How long does it take to charge?
Two on-board chargers can be chosen when you order your Toyota Proace City Electric. The standard van comes with a 7kW unit, which refills the 50kWh battery in just over seven hours on a 7.4kW wallbox. This drops to 4.5 hours when the optional £150 11kW on-board charger is fitted.
Both versions will take over 30 hours to refill the battery from a domestic socket, and refill the battery to an 80 per cent state of charge in 30 minutes when connected to a 100kW DC fast charger using the CCS socket. Type 2 cables for connection to a domestic power supply or a wallbox charging system are supplied.
How does it drive?
Like its diesel-engined sisters, there is no denying the Proace City Electric’s Stellantis-derived heritage. But that’s no bad thing, as the overall shape and softly chiselled lines make it one of the tidiest-looking small light commercials on the market. Inside, it’s a similar story, the cabin sharing much of its architecture and switchgear, but, if it’s a successful recipe, why change it?
The materials are decent, and there are nods to modern passenger cars and their high levels of technology. A multifunction leather-trimmed steering wheel is standard, as is a 3.5-inch multi-information display ahead of the driver, nestled in-between an EV dial that replaces the rev counter. Mounted in the middle of the dashboard, and angled towards the driver, is an eight-inch colour touchscreen running Toyota’s Pro-Touch multimedia system, with a pair of USB sockets.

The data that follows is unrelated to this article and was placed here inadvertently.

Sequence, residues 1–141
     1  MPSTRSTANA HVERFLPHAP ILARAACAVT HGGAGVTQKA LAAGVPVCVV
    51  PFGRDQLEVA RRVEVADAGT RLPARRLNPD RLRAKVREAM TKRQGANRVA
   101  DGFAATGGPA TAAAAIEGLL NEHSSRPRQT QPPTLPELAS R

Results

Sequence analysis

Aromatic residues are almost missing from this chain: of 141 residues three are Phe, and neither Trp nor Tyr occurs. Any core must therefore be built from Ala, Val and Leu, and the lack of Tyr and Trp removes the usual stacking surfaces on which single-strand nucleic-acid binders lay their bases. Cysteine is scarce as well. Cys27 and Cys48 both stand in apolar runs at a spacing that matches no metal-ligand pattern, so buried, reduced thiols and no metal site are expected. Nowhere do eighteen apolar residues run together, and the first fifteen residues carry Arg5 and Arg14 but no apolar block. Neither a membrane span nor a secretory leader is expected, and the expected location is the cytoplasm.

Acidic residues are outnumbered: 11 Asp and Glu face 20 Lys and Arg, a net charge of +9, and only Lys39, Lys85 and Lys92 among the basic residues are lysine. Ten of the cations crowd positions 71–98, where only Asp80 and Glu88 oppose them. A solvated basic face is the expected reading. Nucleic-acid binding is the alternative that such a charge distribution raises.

Using a passenger car-derived platform with parts taken from the Stellantis ‘EMP2’ chassis, the Proace City Electric has, as you might expect, car-like ride and handling, with excellent manoeuvrability. Nimble, the van can be placed very easily on the road thanks to its crisp and light steering, making it ideal for town use. It’s comfortable while cruising and quiet, though obviously road and wind noise are more pronounced. There is a slight whine from the electric motor, but otherwise, the Toyota e-LCV is very refined, and is hugely preferable over a diesel.
With 100kW / 134bhp of power and 260Nm / 192lb ft of torque from its motor, the Toyota e-commercial makes good progress. Three driving modes – Eco, Normal and Power – allow the driver to tailor the driving experience depending on road conditions and the van picks up very well in the latter two. ‘Power’ uses the full amount of output available, with ‘Normal’ limiting it to 80kW, and ‘Eco’ to 60kW, benefitting efficiency.